Sea lilies caught creeping away from trouble

 作者:疏厅     |      日期:2019-04-04 05:07:08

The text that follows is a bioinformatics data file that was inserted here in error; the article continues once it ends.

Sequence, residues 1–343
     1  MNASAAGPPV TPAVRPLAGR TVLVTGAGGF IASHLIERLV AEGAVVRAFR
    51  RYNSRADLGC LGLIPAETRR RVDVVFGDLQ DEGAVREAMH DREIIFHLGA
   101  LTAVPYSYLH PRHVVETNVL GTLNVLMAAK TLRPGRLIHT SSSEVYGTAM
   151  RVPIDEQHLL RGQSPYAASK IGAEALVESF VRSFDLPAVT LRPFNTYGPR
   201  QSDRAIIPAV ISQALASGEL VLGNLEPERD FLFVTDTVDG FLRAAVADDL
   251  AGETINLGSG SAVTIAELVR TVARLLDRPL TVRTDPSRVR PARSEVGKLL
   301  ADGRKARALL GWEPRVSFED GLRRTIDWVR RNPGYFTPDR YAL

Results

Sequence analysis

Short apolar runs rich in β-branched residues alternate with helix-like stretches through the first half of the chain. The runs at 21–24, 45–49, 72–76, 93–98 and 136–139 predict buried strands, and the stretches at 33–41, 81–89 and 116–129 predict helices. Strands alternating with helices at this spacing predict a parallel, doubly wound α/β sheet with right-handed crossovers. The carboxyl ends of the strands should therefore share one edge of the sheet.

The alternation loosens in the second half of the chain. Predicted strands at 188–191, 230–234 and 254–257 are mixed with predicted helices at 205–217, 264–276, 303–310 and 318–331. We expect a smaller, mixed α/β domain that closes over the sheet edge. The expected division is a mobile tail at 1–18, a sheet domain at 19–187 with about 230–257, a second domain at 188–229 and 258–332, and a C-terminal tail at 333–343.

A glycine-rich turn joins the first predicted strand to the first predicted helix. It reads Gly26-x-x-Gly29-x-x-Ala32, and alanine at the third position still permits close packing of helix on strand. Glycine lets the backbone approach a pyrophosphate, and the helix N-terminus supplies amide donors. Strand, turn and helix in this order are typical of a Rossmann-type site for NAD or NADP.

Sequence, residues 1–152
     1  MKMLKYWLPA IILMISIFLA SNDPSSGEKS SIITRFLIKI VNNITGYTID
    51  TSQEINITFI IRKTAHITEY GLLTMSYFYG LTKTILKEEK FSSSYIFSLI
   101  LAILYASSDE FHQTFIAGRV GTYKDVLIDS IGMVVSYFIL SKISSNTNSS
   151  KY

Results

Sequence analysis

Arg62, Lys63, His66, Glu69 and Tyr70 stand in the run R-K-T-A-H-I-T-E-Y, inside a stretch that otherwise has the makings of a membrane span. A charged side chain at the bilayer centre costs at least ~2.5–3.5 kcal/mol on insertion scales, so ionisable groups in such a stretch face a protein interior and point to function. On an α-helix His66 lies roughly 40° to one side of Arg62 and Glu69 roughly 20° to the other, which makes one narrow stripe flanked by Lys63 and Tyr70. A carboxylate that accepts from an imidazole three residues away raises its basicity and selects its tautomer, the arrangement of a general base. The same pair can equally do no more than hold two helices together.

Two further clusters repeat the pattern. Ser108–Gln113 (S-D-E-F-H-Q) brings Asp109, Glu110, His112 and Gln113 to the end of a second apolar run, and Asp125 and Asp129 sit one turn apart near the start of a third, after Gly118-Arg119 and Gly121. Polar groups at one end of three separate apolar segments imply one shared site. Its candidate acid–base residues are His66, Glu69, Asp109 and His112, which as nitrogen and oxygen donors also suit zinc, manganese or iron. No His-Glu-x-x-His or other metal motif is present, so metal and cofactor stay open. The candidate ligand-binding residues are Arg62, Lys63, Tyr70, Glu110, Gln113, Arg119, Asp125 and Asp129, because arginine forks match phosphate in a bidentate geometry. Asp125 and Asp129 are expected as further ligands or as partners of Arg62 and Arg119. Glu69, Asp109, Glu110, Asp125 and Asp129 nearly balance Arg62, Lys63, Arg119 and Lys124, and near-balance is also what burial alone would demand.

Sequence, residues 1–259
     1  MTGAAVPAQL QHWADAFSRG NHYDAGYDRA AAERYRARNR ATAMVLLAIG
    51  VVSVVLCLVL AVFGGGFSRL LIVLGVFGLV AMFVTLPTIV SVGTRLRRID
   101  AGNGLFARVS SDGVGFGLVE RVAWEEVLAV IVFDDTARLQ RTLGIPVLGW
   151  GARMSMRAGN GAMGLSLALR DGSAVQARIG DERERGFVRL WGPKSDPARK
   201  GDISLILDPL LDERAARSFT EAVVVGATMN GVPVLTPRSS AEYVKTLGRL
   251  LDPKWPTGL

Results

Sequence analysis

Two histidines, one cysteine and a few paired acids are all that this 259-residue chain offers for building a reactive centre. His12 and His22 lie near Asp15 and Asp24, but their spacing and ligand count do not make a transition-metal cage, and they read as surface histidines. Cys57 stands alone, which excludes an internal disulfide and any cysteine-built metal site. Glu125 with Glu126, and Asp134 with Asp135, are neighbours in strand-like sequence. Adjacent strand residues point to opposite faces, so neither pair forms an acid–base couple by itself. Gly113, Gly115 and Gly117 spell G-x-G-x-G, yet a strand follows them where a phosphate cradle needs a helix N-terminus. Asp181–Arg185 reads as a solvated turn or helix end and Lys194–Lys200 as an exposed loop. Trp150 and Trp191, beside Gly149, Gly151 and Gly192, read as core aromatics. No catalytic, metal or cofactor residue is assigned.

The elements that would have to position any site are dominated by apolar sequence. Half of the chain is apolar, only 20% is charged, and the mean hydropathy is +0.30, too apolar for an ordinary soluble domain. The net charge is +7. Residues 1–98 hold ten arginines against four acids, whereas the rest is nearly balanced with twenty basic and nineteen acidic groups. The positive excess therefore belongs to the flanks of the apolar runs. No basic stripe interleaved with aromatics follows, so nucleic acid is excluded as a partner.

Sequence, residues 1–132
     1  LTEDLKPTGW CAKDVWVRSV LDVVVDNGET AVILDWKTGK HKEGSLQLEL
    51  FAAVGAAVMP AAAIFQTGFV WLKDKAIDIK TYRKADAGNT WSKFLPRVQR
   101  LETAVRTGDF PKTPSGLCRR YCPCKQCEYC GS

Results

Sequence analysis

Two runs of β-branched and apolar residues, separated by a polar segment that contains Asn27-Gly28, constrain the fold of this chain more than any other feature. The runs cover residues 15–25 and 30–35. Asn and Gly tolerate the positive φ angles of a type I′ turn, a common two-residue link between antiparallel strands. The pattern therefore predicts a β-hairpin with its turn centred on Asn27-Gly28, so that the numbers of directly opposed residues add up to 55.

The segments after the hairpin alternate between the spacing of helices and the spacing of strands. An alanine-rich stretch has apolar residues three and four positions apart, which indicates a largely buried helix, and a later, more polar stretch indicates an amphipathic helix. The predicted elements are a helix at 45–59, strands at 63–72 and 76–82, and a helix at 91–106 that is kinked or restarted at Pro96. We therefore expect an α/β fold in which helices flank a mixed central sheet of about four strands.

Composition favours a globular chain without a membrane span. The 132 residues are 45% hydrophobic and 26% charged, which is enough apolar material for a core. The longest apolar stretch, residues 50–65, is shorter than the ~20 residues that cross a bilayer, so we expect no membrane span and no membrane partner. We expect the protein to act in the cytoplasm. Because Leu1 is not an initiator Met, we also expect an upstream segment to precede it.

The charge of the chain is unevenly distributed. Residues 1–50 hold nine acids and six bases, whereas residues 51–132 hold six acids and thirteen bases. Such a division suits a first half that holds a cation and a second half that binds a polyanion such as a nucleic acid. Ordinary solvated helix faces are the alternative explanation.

By Will Knight (Image: Tomasz Baumiller and Charles Messing) The humble sea lily, which normally remains rooted to the ocean bed by a stem, has been caught creeping away from predators in deep sea video footage. The creature – Endoxocrinus parrae – is an ocean animal closely related to the starfish, sea cucumber and sea urchin. With a ring of feathery fingers and a stalk 50 centimetres long, it resembles an ocean garden flower. But the new video shows it has a sophisticated method for avoiding danger. The footage (600KB, requires Quicktime) was taken at a depth of 430 metres from a submersible close to Grand Bahama Island. It shows, for the first time, a sea lily crawling slowly across the ocean floor on its fingers, dragging its broken stem behind it. The video was discovered by Tomasz Baumiller of the University of Michigan and Charles Messing of Nova Southeastern University’s Oceanographic Center in Florida, both in the US, from archive footage captured over the last decade. It was presented at a meeting of the Geological Society of America on 16 October. Until the late 1980s scientists thought sea lilies could not move from place to place, unlike other species of Crinoid, such as the feather star. But Baumiller has previously shown that the sea lily can shed part of its stem in order to relocate. Other footage and photographs captured by Baumiller and Messing now suggest the sea lily makes its ocean floor dash to escape the attentions of sea urchins, which have been seen lurking on the sea bed behind the travelling sea lilies – they are known to nibble on sea lily appendages. “It’s the lizard’s tail strategy,” Baumiller says. “The sea lily just leaves the stalk end behind. The sea urchin is preoccupied going after that, and the sea lily crawls away.” Baumiller adds that the sea lilies can travel at a surprising speed, peaking at 3 to 4 centimetres per second – hundreds of times more quickly than previously thought possible. “In a race with a sea urchin, the sea lily would probably win,” he says. More on these topics: